I know, it's been increasingly quiet around here. But I have a good reason, I swear. Every time I felt motivated to write I got distracted.
And with so much obsessive reading it has been really hard to knit anything of blogging interest because all I want to work on is stockinette. I was working on a pair of stripey socks, but then I had the horrid realization when beginning the toe that I knit two identical socks, rather than two mirroring socks.
I would show you a photo but I don't really remember where I stashed the project. It was that traumatic of a moment that I think I blacked out. One minute I was knitting and reading Sleep Donation on our porch and the next I was on the couch watching something stupid and eating my weight in sugar. Don't tell me I can't eat my feelings. That was an entire Easter weekend's worth of knitting.
But what I lack in knitting content I can more than make up for in books! Let's talk month two, shall we?
Actually, February saw the least amount of reading of any month this year. But not for lack of trying. I had two false starts in the beginning, first with Fever Pitch and then with Oryx and Crake. If you look at my Goodreads (oh yeah, I've started using Goodreads again / actually using for real this time -- I have a grand total of two friends), you'll see that I have Oryx and Crake still listed as "currently reading". I am hopeful that I was just in a bad concentration place when I started reading it and that I will be able to finish. I adore Margaret Atwood and this is the first of her novels I have been unable to get through. Fever Pitch, on the other hand, I will never be able to finish. The writing style infuriates me to no end. I know it is a style, but my inner editor wants at least a subject and a verb in most sentences. It's just not for me.
I am most proud that I conquered The Dinosaur Feather in February, the latter half while we were snowed in. It is a pretty engrossing novel, but is quite large and translated from Danish into British English (at least my copy was), which made understanding some passages a little difficult. The basic premise is that a scientist at a premier university is brutally murdered -- As the details of his death unfold it becomes pretty sickening. What a lot of reviewers seemed to dislike I actually enjoyed. Yes, the backstory of all the characters got a little long, but it was fascinating to take a look at each new character and see how they figured into the overall crime narrative. That coupled with the extensive discourse on the scientific study of birds made it a nice departure from the typical murder mystery set-up. I did end up throwing the book across the room when I finished, but that was because I figured it out and then spent the second half of the book hoping to be proved wrong.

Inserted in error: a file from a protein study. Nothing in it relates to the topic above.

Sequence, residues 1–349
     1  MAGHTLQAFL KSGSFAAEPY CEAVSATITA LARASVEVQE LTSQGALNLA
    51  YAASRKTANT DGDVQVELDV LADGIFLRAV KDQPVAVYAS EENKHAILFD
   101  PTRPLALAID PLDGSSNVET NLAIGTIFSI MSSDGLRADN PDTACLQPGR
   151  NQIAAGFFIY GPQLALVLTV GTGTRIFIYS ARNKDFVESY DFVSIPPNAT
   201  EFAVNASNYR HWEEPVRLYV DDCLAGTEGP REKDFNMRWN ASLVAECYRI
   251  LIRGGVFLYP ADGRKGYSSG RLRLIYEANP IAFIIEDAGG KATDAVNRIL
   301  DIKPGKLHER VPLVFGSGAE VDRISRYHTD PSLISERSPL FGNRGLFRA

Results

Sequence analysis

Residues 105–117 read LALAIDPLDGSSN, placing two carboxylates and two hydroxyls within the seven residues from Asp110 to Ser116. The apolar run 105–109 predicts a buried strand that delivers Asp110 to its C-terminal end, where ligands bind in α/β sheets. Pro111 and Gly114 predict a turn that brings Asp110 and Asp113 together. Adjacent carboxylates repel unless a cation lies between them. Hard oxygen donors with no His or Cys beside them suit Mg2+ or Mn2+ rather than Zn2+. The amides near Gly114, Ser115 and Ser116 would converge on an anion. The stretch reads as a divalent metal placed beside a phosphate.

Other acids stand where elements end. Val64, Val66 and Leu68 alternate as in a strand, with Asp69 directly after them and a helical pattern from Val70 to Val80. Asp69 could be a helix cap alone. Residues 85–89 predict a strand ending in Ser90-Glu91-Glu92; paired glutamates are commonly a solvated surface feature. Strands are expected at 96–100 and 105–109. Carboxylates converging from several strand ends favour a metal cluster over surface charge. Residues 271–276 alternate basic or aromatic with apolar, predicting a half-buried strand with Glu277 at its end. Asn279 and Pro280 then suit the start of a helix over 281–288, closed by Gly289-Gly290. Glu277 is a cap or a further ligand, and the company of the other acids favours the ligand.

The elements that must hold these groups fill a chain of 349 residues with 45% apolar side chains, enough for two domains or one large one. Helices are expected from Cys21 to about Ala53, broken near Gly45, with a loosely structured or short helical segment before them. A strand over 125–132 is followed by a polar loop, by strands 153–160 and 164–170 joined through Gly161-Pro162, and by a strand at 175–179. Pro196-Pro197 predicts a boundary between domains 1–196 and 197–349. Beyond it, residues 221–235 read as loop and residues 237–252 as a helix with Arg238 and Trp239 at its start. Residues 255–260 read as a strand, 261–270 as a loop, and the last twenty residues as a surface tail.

After The Dinosaur Feather I switched back to urban fantasy with Seanan McGuire's Indexing. I found this one on a must-read list for January and was fascinated by the concept, even if it felt reminiscent of Once Upon a Time. The only similarity between the book and the show is that in both universes, fairytales are real and are not what we thought. In Indexing the protaginist works for a secret government organization that looks for active fairy tales and tries to stop their development. Every fairytale is an entry in their index and fairy tale incidents are categorized according to the story. I read this one on our business trip to New York and it hit just the right balance of engrossing and lightness to make it perfect airplane reading. I've read a lot of good books so far this year, but this was one of my favorites.
The other book I read in February I am almost embarassed to admit. I keep an eye on the Kindle Deals section and try to have something to read on my phone at all times just in case I find myself stuck somewhere without a book. In February that book was Witches of East End, which I was intrigued by because I really enjoyed the Blue Bloods series. This one did not hit the same level of world building, but it was still a fun read. The idea of witches forever reborn in a world in which they are forbidden to use magic was intriguing, though their decision to refute the rules was rather predictable. I don't really recommend it for those looking to get into urban fantasy, but for the $2.99 I paid it did the trick. If the second book is ever marked down that far I will probably pick it up as well.
March and April have both been busy reading months and I'm hoping to get those updates up soon. But until then if you want to be up to date you can check out my Goodreads page. I don't post reviews but I have kept everything current with progress and ratings. We'll see if I can keep it up.